Please use this identifier to cite or link to this item: https://ahro.austin.org.au/austinjspui/handle/1/34339
Title: The alternative renin-angiotensin system in critically ill patients: pathophysiology and therapeutic implications.
Austin Authors: Garcia, Bruno;Zarbock, Alexander;Bellomo, Rinaldo ;Legrand, Matthieu
Affiliation: Department of Anesthesia and Peri-Operative Care, Division of Critical Care Medicine, University of California, San Francisco (UCSF), San Francisco, CA, USA.;Department of Intensive Care, Centre Hospitalier Universitaire de Lille, Lille, France.;Experimental Laboratory of the Department of Intensive Care, Université Libre de Bruxelles, Brussels, Belgium.
Department of Anesthesiology, Intensive Care and Pain Medicine, University Hospital of Münster, Münster, Germany.
Intensive Care
Department of Anesthesia and Peri-Operative Care, Division of Critical Care Medicine, University of California, San Francisco (UCSF), San Francisco, CA, USA.
Australian and New Zealand Intensive Care Research Centre, Monash University, Melbourne, Australia.;Department of Critical Care, Melbourne Medical School, University of Melbourne, Melbourne, VIC, Australia.
Issue Date: 20-Nov-2023
Date: 2023
Publication information: Critical Care (London, England) 2023-11-20; 27(1)
Abstract: The renin-angiotensin system (RAS) plays a crucial role in regulating blood pressure and the cardio-renal system. The classical RAS, mainly mediated by angiotensin I, angiotensin-converting enzyme, and angiotensin II, has been reported to be altered in critically ill patients, such as those in vasodilatory shock. However, recent research has highlighted the role of some components of the counterregulatory axis of the classical RAS, termed the alternative RAS, such as angiotensin-converting Enzyme 2 (ACE2) and angiotensin-(1-7), or peptidases which can modulate the RAS like dipeptidyl-peptidase 3, in many critical situations. In cases of shock, dipeptidyl-peptidase 3, an enzyme involved in the degradation of angiotensin and opioid peptides, has been associated with acute kidney injury and mortality and preclinical studies have tested its neutralization. Angiotensin-(1-7) has been shown to prevent septic shock development and improve outcomes in experimental models of sepsis. In the context of experimental acute lung injury, ACE2 activity has demonstrated a protective role, and its inactivation has been associated with worsened lung function, leading to the use of active recombinant human ACE2, in preclinical and human studies. Angiotensin-(1-7) has been tested in experimental models of acute lung injury and in a recent randomized controlled trial for patients with COVID-19 related hypoxemia. Overall, the alternative RAS appears to have a role in the pathogenesis of disease in critically ill patients, and modulation of the alternative RAS may improve outcomes. Here, we review the available evidence regarding the methods of analysis of the RAS, pathophysiological disturbances of this system, and discuss how therapeutic manipulation may improve outcomes in the critically ill.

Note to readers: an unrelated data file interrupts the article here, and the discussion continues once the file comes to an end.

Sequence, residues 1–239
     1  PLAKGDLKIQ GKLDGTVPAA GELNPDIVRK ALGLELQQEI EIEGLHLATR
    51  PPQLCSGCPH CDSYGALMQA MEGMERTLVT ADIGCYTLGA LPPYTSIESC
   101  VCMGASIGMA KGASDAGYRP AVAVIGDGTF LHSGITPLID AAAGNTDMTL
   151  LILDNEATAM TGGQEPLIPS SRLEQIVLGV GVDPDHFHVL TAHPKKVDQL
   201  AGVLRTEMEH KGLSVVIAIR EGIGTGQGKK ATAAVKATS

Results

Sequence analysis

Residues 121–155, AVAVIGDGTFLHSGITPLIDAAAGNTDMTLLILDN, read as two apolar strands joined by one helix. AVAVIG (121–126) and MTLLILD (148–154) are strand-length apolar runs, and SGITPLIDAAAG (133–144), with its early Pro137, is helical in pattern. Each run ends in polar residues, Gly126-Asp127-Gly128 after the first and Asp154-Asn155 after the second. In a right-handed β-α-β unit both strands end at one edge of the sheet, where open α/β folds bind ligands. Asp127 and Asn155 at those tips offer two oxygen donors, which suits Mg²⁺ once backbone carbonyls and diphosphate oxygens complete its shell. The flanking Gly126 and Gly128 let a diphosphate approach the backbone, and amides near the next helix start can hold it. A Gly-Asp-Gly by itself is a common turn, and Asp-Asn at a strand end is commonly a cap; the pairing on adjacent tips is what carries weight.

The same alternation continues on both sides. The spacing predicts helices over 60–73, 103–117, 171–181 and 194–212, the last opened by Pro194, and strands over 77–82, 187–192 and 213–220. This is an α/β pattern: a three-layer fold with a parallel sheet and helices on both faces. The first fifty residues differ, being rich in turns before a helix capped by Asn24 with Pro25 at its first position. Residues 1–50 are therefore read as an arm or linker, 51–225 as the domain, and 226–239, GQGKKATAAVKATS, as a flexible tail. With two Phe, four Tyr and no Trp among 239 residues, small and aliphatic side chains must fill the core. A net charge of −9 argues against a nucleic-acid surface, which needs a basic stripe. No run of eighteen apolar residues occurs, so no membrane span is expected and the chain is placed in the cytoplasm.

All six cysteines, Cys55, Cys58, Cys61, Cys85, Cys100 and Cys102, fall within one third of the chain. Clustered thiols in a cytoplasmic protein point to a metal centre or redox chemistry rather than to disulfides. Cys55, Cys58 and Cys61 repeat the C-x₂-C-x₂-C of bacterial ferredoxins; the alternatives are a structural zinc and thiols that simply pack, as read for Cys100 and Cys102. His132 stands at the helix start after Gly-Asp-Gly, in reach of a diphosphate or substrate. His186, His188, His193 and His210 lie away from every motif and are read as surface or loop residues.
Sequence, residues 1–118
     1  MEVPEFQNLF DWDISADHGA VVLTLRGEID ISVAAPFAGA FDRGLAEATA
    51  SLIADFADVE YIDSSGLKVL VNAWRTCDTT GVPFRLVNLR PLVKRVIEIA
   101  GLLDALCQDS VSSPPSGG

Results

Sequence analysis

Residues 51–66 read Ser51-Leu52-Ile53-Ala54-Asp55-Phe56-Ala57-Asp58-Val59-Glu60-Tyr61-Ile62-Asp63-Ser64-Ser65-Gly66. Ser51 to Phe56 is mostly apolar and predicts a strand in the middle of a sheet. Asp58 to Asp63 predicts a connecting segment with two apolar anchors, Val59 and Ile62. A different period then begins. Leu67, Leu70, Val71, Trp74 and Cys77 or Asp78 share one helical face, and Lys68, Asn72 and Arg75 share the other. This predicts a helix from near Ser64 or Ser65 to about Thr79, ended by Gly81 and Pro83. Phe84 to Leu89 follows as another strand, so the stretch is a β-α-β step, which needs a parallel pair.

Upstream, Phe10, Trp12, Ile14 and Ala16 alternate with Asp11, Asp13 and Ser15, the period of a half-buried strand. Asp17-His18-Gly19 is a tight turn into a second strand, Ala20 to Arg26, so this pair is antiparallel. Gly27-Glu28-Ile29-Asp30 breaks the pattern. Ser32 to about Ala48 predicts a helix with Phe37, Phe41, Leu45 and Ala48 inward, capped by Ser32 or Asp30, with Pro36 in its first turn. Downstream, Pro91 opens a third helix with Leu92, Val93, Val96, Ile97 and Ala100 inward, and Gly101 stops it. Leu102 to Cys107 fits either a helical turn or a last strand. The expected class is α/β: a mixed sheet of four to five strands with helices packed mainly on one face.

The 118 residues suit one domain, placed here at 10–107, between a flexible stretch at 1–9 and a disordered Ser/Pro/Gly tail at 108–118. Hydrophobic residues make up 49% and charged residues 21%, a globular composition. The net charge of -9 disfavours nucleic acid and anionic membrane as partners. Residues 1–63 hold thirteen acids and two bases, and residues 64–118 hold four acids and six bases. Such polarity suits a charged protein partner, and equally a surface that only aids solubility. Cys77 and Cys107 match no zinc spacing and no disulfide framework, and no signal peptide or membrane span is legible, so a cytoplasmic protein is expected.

URI: https://ahro.austin.org.au/austinjspui/handle/1/34339
DOI: 10.1186/s13054-023-04739-5
ORCID: 
Journal: Critical Care (London, England)
Start page: 453
PubMed URL: 37986086
ISSN: 1466-609X
Type: Journal Article
Subjects: Acute kidney injury
Acute lung injury
Acute respiratory distress syndrome
Angiotensin II
Angiotensin-(1–7)
Angiotensin-converting enzyme 2
Dipeptidyl-peptidase 3
Shock
Renin-Angiotensin System/physiology
Critical Illness/therapy
Angiotensin II/metabolism
Appears in Collections:Journal articles

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